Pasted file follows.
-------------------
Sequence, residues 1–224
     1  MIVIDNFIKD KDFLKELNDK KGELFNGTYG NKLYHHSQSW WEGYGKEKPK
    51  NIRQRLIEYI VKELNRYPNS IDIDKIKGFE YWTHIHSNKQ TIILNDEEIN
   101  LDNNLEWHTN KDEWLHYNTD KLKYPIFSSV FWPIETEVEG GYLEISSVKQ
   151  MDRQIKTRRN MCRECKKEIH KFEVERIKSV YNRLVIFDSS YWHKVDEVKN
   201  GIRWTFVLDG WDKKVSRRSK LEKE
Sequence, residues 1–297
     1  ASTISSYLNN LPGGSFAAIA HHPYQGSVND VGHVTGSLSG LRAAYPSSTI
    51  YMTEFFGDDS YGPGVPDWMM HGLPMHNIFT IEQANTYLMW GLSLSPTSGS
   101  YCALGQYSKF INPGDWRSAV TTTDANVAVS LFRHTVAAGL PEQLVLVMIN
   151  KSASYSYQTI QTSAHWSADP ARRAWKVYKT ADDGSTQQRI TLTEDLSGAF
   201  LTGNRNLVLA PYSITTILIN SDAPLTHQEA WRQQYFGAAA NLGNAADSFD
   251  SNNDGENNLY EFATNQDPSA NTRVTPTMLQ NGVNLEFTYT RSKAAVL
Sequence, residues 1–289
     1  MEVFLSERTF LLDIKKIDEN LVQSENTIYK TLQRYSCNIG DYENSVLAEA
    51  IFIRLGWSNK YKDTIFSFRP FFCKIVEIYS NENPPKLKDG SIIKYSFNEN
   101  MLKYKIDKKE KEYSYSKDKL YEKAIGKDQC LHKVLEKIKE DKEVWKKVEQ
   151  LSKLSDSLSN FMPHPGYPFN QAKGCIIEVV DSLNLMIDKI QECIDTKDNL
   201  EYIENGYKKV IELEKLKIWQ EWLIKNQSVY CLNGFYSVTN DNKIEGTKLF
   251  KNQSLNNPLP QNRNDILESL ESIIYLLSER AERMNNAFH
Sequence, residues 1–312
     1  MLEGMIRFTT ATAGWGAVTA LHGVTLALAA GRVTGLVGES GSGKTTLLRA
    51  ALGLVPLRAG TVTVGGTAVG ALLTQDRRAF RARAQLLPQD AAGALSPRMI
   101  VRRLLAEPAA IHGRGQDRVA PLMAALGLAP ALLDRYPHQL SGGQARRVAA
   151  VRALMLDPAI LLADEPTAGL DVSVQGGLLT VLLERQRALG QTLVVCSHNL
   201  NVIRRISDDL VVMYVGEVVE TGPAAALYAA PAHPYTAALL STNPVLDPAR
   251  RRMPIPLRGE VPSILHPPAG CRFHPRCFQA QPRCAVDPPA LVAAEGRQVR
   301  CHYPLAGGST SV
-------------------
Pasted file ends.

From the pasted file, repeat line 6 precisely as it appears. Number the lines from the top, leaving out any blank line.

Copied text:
   201  GIRWTFVLDG WDKKVSRRSK LEKE